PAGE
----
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A simple, cross-database facade over .Net 2.0 DbProviderFactories to read database metadata.

Any ADO provider can be read (SqlServer, SqlServer CE 4, MySQL, SQLite, System.Data.OracleClient, ODP, Devart, PostgreSql, DB2...) into a single standard model. For .net Core, we support SqlServer, SqlServer CE 4, SQLite, PostgreSql, MySQL and Oracle (even if the database clients are not yet available in .net Core, we are ready for them). or

Nuget: Install-Package DatabaseSchemaReader Nuget

Appveyor Build Status

  • Database schema read from most ADO providers
  • Simple .net code generation:
    • Generate POCO classes for tables, and NHibernate or EF Code First mapping files
    • Generate simple ADO classes to use stored procedures
  • Simple sql generation:
    • Generate table DDL (and translate to another SQL syntax, eg SqlServer to Oracle or SQLite)
    • Generate CRUD stored procedures (for SqlServer, Oracle, MySQL, DB2)
  • Copy a database schema and data from any provider (SqlServer, Oracle etc) to a new SQLite database (and, with limitations, to SqlServer CE 4)
  • Compare two schemas to generate a migration script
  • Simple cross-database migrations generator


  • Full .net framework (v3.5, v4.0, v4.5)
//To use it simply specify the connection string and ADO provider (eg System.Data,SqlClient or System.Data.OracleClient)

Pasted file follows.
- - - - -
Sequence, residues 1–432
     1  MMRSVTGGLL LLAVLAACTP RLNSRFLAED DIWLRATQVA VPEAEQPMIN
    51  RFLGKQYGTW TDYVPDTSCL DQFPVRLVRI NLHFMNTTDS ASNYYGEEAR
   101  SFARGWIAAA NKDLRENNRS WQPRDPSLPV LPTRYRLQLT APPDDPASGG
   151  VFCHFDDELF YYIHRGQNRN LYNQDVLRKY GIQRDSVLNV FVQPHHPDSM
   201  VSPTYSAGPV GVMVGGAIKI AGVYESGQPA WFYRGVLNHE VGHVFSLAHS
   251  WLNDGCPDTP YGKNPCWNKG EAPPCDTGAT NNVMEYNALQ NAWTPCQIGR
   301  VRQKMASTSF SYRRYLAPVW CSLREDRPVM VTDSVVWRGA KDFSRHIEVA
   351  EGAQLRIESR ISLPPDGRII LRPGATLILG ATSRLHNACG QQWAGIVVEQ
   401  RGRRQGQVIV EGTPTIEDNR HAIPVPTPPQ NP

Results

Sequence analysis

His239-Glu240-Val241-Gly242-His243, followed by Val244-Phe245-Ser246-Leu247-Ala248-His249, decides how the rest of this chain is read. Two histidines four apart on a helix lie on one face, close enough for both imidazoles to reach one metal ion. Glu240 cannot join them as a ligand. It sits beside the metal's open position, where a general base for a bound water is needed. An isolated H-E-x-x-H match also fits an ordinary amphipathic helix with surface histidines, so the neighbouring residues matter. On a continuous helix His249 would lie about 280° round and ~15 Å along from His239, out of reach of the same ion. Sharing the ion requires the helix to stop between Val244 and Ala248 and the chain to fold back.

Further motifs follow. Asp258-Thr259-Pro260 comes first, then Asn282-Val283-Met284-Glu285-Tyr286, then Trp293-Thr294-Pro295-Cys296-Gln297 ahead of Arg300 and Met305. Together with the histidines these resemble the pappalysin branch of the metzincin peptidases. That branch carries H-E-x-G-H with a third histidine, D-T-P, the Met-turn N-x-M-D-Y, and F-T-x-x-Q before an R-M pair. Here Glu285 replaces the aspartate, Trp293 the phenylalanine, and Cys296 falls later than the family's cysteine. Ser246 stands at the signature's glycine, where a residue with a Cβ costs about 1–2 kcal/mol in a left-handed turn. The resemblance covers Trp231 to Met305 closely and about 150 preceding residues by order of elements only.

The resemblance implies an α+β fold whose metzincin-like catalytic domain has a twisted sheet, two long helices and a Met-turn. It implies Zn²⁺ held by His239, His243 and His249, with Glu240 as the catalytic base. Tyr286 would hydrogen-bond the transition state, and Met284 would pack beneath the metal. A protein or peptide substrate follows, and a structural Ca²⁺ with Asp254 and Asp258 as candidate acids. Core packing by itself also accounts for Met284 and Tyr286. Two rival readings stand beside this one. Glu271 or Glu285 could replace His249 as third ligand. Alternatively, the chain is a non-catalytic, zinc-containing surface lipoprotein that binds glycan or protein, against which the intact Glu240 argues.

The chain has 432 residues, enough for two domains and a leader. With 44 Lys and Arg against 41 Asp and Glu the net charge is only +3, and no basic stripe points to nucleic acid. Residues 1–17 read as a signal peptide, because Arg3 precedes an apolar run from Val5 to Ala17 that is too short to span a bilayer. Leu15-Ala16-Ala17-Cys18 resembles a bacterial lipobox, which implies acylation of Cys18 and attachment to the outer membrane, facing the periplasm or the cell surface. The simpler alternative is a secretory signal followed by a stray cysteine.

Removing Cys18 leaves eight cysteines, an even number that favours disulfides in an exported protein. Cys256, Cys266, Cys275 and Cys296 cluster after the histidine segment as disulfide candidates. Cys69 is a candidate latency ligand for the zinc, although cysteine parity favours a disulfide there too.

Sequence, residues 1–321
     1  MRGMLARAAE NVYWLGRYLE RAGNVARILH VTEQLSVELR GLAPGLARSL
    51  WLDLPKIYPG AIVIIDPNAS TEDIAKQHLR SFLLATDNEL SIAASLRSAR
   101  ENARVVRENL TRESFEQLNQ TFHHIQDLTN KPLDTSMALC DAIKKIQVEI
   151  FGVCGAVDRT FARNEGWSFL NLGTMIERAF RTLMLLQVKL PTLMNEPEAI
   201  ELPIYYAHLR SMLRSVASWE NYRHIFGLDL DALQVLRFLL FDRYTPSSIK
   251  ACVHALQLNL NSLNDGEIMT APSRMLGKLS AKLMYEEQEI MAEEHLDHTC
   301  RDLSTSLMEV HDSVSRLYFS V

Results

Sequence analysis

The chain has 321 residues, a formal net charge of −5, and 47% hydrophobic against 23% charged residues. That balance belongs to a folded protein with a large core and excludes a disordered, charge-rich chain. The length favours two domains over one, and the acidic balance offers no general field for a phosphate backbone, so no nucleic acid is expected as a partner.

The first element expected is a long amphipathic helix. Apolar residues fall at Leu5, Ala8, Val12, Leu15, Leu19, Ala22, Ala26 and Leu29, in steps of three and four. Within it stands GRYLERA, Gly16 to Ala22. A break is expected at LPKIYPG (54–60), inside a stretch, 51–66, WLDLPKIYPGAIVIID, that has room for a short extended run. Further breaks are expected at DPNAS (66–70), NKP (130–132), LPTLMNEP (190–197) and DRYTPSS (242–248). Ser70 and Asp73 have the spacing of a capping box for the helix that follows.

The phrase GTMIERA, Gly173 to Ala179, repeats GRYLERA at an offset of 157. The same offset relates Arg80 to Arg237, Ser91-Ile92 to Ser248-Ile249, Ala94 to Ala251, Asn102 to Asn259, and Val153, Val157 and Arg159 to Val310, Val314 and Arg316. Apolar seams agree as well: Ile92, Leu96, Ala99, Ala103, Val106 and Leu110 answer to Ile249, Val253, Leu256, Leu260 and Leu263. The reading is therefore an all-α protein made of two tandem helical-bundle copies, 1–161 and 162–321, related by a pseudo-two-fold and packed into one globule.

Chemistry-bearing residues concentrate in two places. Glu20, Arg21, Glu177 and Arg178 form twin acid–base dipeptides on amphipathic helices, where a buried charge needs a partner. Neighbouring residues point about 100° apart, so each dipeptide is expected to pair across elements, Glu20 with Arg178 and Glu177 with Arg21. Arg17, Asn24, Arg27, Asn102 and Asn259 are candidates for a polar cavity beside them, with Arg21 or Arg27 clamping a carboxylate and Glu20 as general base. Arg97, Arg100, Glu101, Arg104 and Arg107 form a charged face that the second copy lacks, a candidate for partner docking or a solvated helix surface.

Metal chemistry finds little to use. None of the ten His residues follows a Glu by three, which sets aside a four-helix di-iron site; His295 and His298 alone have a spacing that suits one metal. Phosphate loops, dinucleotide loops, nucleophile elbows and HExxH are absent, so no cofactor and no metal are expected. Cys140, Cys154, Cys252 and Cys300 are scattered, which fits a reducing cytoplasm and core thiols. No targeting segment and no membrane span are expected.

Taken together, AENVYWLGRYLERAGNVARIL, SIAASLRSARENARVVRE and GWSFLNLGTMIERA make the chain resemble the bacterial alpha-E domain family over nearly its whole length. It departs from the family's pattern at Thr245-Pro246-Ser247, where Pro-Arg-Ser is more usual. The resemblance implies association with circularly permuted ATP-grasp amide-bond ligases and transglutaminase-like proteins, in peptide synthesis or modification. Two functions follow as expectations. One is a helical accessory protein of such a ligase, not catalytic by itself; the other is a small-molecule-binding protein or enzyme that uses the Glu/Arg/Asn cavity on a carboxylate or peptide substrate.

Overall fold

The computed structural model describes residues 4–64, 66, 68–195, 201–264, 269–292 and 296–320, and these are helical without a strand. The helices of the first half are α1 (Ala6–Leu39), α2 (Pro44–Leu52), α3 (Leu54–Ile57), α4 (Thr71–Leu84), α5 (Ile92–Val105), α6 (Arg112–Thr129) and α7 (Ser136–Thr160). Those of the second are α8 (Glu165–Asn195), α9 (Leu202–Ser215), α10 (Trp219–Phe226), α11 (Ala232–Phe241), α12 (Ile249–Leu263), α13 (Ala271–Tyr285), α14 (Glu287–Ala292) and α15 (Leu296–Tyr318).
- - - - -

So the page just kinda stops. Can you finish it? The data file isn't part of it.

const string providername = "System.Data.SqlClient";
const string connectionString = @"Data Source=.\SQLEXPRESS;Integrated Security=true;Initial Catalog=Northwind";

//Create the database reader object.
var dbReader = new DatabaseReader(connectionString, providername);
//For Oracle, you should always specify the Owner (Schema).
//dbReader.Owner = "HR";

//Then load the schema (this will take a little time on moderate to large database structures)
var schema = dbReader.ReadAll();

//There are no datatables, and the structure is identical for all providers.
foreach (var table in schema.Tables)
  //do something with your model
  • .net Core (netStandard1.5)
//In .net Core, create the connection with the connection string
using (var connection = new SqlConnection("Data Source=.\SQLEXPRESS;Integrated Security=true;Initial Catalog=Northwind"))
    var dr = new DatabaseSchemaReader.DatabaseReader(connection);
    //Then load the schema (this will take a little time on moderate to large database structures)
    var schema = dbReader.ReadAll();

    //The structure is identical for all providers (and the full framework).
    foreach (var table in schema.Tables)
      //do something with your model


There are two simple UIs.

  • DatabaseSchemaViewer. It reads all the schema and displays it in a treeview. It also includes options for
  • code generation, table DDL and stored procedure generation.
  • comparing the schema to another database.
  • CopyToSQLite. It reads all the schema and creates a new SQLite database file with the same tables and data. If Sql Server CE 4.0 is detected, it can do the same for that database. These databases do not have the full range of data types as other databases, so creating tables may fail (e.g. SqlServer CE 4 does not have VARCHAR(MAX)). In addition, copying data may violate foreign key constraints (especially for identity primary keys) and will fail.

Building the Source

  • If you use Visual Studio 2017 open DatabaseSchemaReader.sln (includes .net Core)
  • If you use Visual Studio 2015 open DatabaseSchemaReader2015.sln (does not include .net Core; v3.5-v4.6 only)


Read database metadata (from SqlServer/Oracle/MySql/SQLite/PostgreSql/DB2 etc) into one simple model



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